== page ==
Is Kele Okereke confused? Has he been consumed by his own hipster irony? With the release of Bloc Party’s fourth studio album, the creatively titled Four, it appears the songwriter has lost his touch. After a drawn-out hiatus, the band seems to have forgotten itself. Turning to mismatched influences — a curious mixture of Nirvana and Radiohead — they’ve produced nothing more than a bemusing hodge-podge of disengaged tunes.
It’s the grunge twist that really baffles the listener. Okereke has spoken of a newfound admiration for grunge heroes Nirvana. The fact is, however, that Bloc Party’s unfortunate Nirvana imitation would make Kurt Cobain turn over in his grave. A droning blanket of distorted guitars pervades most of the record, almost as if the album were recorded next to a construction site. Songs like “Kettling” and “We Are Not Good People” lack any structure or purpose and are as insipid as oral drilling. On “3×3,” meanwhile, Okereke snarls the phrases “no one loves you” and “no means no” in an affected metal voice that’s simultaneously comic and disquieting.
Outside the grunge catastrophe lie hidden a few passable tracks, though marginally so. These contain a subtext more consistent with Bloc Party’s past work, but with the vital energy and urgency removed. “Octopus” includes a signature spiky rhythm, consisting of biting guitar chords and an intriguingly choppy melody. “Day Four” is another decent effort, though its subdued guitar arpeggios suggest a Radiohead copy act, while falling short of Jonny Greenwood’s power and emotional gravity.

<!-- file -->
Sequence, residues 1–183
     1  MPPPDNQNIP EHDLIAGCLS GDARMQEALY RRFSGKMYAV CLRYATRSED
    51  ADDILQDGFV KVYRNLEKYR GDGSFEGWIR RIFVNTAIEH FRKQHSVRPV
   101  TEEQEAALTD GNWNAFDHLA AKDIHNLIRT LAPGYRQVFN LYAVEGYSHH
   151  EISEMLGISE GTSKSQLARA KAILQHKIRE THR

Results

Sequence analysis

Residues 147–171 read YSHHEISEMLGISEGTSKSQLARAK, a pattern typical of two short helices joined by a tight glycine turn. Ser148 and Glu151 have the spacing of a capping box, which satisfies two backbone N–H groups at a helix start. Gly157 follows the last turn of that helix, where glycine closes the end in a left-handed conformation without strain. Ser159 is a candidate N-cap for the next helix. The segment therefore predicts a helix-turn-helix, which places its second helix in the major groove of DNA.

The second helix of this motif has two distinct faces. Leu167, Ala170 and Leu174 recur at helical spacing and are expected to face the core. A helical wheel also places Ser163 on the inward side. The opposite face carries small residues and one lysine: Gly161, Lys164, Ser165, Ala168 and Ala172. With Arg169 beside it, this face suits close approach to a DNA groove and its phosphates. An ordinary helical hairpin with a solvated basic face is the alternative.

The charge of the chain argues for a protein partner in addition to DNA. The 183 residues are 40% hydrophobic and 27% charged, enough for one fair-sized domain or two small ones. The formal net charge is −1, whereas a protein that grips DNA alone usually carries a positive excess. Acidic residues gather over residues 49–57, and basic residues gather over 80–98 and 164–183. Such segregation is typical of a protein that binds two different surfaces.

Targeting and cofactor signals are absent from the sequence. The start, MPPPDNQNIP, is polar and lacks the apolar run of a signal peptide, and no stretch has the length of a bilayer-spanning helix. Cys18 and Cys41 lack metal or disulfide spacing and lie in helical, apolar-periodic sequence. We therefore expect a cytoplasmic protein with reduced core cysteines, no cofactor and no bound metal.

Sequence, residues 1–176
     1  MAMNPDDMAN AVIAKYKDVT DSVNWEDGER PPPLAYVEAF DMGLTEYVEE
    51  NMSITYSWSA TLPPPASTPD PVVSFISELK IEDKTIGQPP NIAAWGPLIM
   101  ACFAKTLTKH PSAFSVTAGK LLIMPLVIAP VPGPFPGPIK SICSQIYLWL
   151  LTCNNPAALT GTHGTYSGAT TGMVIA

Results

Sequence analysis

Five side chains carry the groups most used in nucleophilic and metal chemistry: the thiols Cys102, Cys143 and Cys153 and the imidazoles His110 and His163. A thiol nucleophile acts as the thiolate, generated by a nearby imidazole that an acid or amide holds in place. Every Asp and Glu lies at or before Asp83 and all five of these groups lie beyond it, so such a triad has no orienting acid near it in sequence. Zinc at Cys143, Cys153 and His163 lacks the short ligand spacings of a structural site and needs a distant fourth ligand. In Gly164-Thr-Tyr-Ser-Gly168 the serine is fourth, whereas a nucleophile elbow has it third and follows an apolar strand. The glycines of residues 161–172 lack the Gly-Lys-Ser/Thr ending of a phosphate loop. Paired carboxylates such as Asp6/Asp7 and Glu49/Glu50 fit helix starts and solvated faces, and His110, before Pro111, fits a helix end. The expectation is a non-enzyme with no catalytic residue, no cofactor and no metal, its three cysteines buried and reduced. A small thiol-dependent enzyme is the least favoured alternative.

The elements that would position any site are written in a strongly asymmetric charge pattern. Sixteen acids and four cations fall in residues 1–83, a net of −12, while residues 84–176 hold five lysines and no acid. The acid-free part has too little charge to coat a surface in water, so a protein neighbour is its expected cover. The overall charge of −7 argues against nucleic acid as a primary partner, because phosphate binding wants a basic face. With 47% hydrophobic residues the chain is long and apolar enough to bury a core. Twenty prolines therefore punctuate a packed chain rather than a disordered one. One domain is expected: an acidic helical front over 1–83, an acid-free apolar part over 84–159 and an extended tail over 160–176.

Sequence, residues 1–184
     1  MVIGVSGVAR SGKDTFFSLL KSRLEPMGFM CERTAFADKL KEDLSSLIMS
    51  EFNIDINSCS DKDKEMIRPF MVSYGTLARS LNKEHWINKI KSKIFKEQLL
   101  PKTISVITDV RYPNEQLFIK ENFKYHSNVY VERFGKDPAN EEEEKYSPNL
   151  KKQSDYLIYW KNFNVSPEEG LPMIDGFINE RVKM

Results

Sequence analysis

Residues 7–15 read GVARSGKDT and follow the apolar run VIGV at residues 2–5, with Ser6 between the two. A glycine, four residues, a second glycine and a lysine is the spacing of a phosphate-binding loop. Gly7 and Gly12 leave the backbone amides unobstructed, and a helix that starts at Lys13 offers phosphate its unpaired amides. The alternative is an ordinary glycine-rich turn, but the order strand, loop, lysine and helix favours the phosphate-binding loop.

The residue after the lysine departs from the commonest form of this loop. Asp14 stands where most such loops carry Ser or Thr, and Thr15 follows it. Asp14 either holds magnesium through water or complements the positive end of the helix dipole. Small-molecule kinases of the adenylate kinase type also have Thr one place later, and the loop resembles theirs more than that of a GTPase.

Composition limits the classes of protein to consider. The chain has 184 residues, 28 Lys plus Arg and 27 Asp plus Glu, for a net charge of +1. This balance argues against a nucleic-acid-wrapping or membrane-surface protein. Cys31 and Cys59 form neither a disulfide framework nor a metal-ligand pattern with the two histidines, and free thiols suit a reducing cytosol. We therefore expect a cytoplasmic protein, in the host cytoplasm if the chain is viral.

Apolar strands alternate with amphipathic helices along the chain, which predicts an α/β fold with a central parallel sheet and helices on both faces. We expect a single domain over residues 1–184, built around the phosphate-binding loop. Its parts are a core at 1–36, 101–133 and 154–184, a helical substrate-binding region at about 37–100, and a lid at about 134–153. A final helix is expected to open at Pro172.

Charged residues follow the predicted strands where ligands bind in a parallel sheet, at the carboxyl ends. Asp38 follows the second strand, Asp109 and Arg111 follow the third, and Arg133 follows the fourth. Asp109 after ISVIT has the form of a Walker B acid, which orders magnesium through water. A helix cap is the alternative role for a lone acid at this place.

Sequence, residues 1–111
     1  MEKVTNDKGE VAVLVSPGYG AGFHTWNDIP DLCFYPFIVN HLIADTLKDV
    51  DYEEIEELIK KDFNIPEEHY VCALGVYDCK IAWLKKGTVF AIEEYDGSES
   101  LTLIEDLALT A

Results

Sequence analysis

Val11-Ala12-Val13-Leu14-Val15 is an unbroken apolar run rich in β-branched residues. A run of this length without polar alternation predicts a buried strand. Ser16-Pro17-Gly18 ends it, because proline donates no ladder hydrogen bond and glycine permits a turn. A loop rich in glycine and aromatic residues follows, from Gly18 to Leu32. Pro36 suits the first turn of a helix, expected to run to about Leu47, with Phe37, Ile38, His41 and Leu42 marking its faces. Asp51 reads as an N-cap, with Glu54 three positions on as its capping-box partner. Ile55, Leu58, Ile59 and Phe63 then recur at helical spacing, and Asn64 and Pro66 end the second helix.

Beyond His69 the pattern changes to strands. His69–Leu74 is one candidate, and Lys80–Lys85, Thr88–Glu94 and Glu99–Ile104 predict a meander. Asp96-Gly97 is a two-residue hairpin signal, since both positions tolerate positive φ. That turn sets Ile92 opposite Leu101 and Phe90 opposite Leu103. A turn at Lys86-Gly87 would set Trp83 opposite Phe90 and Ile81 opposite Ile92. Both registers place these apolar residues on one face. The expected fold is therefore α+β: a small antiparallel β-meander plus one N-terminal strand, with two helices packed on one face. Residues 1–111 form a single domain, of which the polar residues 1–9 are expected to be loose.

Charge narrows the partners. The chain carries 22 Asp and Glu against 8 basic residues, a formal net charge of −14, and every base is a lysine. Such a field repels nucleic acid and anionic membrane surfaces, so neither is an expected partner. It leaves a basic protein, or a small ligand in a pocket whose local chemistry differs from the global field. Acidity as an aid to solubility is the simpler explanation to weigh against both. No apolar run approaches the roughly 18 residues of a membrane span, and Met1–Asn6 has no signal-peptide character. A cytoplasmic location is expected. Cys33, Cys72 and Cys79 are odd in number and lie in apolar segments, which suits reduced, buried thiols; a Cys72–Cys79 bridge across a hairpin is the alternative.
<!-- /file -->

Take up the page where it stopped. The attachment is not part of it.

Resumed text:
Sadly, Four indicates no hope of another “Helicopter” or “Hunting for Witches,” some of Bloc Party’s earlier standout tracks. The album is a shapeless, bodiless work, with no true intent or pull. With their long-anticipated return, Bloc Party have done nothing but effectively seal their demise.
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